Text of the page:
Kimberly Dozier of Daily Beast has an excellent piece today you might not see picked up by many in the Obama-puffing national media: "Special Ops to Obama: Let Us Fight ISIS, Already."
Dozier noted that the official line from top brass in the special forces is that destroying ISIS is a long, inter-generational slog. But while they may well be true, she noted, rank-and-file special forces operators express frustration with President Obama hamstringing their operations here and now:
TAMPA, Florida — Fighting simmering frustration in their ranks over ISIS advances in Iraq and Syria, top U.S. special operations commanders say they are building forces for a multi-generational fight—not a war that will be won in the next few years.
“We talk about it being a 15-year struggle,” Lt. Gen. Bradley Heithold, who heads the Air Force Special Operations Command, said during a special operations forum in Tampa.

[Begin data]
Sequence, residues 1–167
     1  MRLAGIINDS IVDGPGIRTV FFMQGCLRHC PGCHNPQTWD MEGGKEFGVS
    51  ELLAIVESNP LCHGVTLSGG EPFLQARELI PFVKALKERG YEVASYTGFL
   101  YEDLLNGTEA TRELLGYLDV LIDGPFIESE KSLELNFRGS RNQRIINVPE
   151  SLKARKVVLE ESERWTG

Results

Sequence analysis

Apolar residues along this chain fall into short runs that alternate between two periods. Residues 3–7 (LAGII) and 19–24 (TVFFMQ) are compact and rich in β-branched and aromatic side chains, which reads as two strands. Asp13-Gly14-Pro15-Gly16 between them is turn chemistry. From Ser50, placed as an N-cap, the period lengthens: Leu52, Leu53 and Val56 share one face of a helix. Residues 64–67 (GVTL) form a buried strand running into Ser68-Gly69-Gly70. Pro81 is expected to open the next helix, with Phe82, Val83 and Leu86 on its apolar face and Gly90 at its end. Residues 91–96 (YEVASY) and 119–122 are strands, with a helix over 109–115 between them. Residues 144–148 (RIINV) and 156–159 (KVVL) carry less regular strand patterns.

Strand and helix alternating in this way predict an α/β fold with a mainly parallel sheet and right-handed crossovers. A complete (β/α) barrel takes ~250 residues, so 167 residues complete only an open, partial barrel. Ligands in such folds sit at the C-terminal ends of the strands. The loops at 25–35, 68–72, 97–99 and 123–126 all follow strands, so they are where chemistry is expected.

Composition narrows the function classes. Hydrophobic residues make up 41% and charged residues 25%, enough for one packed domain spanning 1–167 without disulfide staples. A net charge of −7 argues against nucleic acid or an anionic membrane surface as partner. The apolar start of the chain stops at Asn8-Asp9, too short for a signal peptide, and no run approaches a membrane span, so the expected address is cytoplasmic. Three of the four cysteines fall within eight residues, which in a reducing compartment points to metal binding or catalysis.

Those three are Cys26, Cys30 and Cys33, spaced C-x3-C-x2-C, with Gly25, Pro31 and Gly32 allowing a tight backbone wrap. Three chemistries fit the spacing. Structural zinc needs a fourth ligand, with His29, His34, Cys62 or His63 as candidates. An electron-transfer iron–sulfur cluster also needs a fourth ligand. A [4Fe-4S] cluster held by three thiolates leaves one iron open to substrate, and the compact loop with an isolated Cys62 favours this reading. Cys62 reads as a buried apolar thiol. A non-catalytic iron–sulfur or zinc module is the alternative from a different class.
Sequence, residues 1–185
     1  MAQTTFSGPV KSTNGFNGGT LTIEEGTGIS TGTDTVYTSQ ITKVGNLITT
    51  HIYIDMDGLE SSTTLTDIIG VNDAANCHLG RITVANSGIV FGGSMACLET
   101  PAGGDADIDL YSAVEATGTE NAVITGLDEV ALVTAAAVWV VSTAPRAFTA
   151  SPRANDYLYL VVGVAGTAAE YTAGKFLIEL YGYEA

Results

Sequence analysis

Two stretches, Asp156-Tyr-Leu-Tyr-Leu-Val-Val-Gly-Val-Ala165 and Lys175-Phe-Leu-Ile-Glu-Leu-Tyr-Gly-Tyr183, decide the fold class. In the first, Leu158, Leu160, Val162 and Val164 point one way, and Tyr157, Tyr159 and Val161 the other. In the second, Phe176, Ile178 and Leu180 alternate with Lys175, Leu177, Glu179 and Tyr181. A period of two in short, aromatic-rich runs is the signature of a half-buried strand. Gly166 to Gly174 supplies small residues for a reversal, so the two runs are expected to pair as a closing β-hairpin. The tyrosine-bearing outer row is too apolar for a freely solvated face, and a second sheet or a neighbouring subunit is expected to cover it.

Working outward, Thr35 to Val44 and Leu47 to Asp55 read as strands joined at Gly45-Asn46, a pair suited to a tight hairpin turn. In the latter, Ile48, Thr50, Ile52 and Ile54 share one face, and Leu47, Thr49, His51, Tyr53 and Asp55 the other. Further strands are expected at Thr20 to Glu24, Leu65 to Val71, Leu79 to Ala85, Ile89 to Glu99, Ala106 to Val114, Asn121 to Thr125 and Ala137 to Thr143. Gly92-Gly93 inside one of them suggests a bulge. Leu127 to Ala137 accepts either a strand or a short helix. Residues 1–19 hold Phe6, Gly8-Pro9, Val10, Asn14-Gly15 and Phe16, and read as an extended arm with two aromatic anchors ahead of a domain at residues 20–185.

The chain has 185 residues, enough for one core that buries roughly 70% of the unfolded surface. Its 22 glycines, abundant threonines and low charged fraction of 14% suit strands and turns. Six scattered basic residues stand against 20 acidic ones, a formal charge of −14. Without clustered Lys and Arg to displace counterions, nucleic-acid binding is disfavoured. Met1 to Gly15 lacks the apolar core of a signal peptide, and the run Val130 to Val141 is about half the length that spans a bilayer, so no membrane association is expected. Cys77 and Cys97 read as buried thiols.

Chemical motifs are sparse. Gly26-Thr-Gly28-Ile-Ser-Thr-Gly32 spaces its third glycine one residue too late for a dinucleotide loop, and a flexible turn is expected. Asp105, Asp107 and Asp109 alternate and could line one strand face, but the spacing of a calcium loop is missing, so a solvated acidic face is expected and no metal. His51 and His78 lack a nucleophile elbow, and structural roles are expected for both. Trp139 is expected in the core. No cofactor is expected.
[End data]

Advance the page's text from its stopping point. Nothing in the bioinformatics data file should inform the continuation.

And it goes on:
But many special operations officers and troops both in Tampa and Washington don’t want to wait that long to take the fight to ISIS. They were eager to talk about their aggravation over fighting by remote in Iraq and Syria: having to advise Iraqis, Kurdish Peshmerga, and rebel Syrian fighters from afar instead of joining them in battle.
“We are doing everything through cellphones… It’s hard to do much when you can’t go outside the wire,” said one special operator, using the military jargon for the perimeter of a base.
They blame the hands-off approach on an Obama administration unwilling to risk even small numbers of American lives in battle, burned by the fallout of the loss of four Americans in Benghazi, Libya, and intent on preserving the legacy of President Barack Obama’s troop drawdowns in Iraq and Afghanistan.
“You can’t say ‘We’re with you every step of the way, except when you are going on combat operations,’” said a former senior special operations official briefed on the ISIS campaign.
He and many other officers, current and former, at the conference believe both Mosul and Ramadi could have withstood the assault of the so-called Islamic State, also known as ISIS, if a small number of U.S. military advisers had been working with Iraqi forces at the front lines.
They spoke on condition of anonymity because they were not authorized to publicly discuss the debates over war strategy.
To read the full piece, click here.